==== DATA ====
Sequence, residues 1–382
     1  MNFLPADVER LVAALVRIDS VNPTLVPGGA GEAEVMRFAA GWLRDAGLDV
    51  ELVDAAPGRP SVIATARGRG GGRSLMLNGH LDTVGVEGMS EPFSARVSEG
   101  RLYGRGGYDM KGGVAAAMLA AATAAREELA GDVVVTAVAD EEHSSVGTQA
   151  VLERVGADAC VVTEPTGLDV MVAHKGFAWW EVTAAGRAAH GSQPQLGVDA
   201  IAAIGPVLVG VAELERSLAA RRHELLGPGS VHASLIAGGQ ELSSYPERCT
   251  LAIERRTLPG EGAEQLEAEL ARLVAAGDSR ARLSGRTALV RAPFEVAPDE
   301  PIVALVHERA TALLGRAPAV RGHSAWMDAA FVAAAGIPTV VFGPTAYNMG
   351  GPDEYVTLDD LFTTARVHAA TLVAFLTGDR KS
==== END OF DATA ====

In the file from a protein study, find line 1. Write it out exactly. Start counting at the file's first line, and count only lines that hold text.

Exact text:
Sequence, residues 1–382